Long-time investigative reporter Sharyl Attkisson, who has repeatedly suggested that dark government forces secretly infiltrated her home and work computers in order to make them act weird, is finally resigning from CBS News. Attkisson tweeted her resignation on Monday afternoon, just as Politico reported that her contentious contract negotiations fell apart over Attkisson’s belief that CBS suffered from a “liberal bias”:
It’s not easy working for Donald Trump. Following BuzzFeed’s lengthy evisceration of the real estate titan’s presidential ambitions, one of Trump’s aides, Sam Nunberg, resigned from Trump’s full-time staff. Nunberg confirmed the resignation to Brian Stelter in an email, later obtained by Betsy Rothstein of The Daily Caller, in which he responds to BuzzFeed’s McKay Coppins, whom Nunberg allowed to interview his former boss:
It's a tearful day in the world of cosmopolitan magazines and television studios, as the infamously sane Republican presidential candidate Jon Huntsman has dropped out of the race, due to a near-total void of interest in his campaign among Republican primary voters. How did this relatively competent-seeming person lose his support so dramatically? Well, he didn't; he never had any support. So let's remember his anemic campaign with a gallery of some funny photos and ludicrous screen shots.
Hank William Jr. has had it with the political correctness of the Hitler-ish ESPN sports television corporation. You will never hear his "Are you ready for some football" song on Monday Night Football ever again. He's refusing the to lend the economy his productive services, now, after being treated so badly for sharing his political views on Fox & Friends Monday morning. Either that, or he got fired.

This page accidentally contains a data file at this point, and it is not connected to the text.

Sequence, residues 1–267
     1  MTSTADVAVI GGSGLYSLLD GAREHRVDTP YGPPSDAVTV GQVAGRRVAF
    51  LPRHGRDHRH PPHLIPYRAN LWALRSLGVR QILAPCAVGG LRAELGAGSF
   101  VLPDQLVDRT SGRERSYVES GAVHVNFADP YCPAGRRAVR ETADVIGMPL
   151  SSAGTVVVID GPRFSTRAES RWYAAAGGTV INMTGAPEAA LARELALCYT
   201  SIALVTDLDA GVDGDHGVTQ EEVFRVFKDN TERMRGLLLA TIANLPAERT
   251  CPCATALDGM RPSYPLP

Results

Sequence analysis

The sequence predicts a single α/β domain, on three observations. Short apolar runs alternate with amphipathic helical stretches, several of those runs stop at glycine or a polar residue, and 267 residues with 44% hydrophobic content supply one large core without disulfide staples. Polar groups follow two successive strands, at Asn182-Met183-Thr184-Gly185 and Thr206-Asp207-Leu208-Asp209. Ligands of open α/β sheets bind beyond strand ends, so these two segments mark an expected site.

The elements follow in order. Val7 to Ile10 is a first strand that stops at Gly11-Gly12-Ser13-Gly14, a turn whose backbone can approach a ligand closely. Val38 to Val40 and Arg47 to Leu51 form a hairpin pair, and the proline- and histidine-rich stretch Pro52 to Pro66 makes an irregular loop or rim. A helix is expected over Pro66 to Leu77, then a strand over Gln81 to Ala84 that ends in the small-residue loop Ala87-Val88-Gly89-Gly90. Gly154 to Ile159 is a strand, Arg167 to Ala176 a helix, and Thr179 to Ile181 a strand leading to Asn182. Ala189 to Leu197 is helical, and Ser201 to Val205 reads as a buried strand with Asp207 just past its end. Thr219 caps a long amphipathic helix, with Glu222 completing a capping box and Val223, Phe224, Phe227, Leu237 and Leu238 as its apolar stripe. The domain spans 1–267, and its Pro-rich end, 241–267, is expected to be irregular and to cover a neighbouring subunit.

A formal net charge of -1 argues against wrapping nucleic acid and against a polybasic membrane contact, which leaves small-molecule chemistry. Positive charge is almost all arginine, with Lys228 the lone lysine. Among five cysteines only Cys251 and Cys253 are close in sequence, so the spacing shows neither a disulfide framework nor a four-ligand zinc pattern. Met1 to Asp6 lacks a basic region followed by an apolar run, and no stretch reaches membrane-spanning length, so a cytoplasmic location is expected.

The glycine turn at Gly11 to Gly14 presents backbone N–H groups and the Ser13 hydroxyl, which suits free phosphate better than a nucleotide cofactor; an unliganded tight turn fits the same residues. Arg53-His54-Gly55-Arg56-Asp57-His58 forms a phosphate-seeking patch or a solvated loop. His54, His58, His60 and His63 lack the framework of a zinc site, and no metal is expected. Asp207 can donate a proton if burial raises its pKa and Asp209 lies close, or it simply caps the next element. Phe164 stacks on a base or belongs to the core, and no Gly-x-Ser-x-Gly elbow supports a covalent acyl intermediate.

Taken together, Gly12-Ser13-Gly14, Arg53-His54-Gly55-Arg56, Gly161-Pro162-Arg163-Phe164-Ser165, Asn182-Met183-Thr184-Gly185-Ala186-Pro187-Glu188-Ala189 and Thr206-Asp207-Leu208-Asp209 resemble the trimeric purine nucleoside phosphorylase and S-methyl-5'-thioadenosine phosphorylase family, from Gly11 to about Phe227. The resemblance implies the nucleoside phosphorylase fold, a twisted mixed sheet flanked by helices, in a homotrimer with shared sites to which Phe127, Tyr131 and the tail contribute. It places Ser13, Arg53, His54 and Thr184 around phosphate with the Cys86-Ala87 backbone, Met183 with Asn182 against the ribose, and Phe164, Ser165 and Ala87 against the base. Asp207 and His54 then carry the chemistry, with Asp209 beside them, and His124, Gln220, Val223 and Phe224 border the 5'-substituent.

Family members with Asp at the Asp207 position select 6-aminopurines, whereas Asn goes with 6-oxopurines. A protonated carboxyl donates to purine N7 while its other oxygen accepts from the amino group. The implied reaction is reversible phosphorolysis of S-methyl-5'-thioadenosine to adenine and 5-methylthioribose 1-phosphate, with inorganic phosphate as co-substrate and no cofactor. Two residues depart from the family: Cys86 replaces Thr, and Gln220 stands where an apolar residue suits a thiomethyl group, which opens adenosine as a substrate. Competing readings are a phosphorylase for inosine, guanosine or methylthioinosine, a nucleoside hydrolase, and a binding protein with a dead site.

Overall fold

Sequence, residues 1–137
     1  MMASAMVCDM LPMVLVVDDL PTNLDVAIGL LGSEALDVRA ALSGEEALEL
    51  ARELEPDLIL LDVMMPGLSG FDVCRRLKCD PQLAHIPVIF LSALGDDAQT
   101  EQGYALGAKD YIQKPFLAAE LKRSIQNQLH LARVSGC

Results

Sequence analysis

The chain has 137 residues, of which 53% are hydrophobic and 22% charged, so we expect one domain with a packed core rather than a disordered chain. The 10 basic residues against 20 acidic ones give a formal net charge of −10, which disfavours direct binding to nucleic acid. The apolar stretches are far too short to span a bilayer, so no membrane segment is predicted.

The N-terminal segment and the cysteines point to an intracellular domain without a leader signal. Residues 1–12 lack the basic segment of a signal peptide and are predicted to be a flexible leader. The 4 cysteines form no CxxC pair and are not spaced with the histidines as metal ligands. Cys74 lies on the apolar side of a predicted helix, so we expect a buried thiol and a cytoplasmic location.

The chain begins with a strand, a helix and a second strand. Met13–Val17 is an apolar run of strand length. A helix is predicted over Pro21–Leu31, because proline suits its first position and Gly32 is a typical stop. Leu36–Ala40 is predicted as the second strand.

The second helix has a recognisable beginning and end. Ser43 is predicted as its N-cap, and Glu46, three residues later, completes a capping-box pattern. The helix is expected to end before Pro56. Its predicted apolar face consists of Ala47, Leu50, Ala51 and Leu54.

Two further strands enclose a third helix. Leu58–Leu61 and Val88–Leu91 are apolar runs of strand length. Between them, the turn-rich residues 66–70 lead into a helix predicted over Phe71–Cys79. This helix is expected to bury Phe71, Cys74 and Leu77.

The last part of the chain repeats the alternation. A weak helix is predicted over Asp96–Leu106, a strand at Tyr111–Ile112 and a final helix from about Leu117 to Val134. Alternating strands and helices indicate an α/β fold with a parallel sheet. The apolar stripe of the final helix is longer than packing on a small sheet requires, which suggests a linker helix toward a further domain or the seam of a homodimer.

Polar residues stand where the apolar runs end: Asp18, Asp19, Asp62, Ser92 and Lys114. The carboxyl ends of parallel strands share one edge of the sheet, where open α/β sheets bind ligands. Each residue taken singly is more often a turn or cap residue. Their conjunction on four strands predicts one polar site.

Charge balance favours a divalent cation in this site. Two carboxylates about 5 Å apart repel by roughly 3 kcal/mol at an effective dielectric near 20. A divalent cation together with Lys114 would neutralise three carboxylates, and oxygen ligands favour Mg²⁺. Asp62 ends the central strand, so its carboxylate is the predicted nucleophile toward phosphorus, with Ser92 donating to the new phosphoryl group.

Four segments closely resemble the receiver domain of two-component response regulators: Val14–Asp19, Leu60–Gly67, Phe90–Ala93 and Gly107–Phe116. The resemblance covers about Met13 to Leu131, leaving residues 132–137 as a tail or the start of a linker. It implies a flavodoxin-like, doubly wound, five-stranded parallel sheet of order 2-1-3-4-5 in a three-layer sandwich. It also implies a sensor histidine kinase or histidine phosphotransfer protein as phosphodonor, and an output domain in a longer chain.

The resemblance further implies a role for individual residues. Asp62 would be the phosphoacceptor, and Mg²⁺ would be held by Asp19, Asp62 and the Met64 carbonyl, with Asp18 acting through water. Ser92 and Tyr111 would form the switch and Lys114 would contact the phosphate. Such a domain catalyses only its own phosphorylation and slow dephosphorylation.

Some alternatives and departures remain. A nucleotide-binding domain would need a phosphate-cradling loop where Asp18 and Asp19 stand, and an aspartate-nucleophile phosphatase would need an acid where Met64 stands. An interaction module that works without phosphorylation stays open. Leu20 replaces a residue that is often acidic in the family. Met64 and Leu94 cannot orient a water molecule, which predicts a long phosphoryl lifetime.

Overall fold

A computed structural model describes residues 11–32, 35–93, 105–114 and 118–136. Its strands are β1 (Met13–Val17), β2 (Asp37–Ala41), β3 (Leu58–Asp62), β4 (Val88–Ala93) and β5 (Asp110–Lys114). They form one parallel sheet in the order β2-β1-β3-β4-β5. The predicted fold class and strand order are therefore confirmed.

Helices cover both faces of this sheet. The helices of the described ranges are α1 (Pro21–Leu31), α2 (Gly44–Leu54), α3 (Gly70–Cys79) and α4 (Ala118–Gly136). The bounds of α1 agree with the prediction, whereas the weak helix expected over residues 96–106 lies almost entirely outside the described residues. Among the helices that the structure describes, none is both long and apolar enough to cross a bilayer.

Matthew Winkler was down under last week, and on top of the world. The Bloomberg co-founder interviewed the Aussie prime minister, and gushed in a laudatory Australian profile that "it's really an extraordinary time to be around, to be alive, to be a journalist — to be at Bloomberg News.'' One of his reporters very much disagreed. (Or not — see her statement in the update below.)
There's something charming about Andrew Mason's goofiness. "I feel like clout is something that builds up on your teeth," the Groupon CEO once told Today in response to a question about his influence. But with two top lieutenants out the door in as many weeks, you have to wonder if the antics are starting to grate.
The sex scandal of Rep. David Wu has gone so comprehensively unnoticed, thanks to the debt ceiling, that Wu is actually making YouTube videos to get attention.
Texas congressman, libertaria agitator, and Internet deity Ron Paul has decided to wrap up his 12-term legacy of automatic "no" votes to every single bill. He will not run for his House seat in the next election. Good for him! If he stayed around much longer, he'd run the risk of becoming a bitter old crank.
Who's the last remaining initial member of President Obama's core economic team? The one people really don't like, Treasury Secretary Tim Geithner. But this job and his term as president of the New York Fed immediately proceeding it are exhausting him. It's backbreaking work, hoisting that money-launching cannon aimed at bankers all day. He's ready to quit.
Newt Gingrich still had some presidential campaign staffers after 16 of his top aides quit en masse a couple of weeks ago. It only takes a few, right? Perhaps. But his top campaign finance advisers just quit too, so he really should end his campaign and take whatever few dollars remain to pay himself a PAC salary for a few months.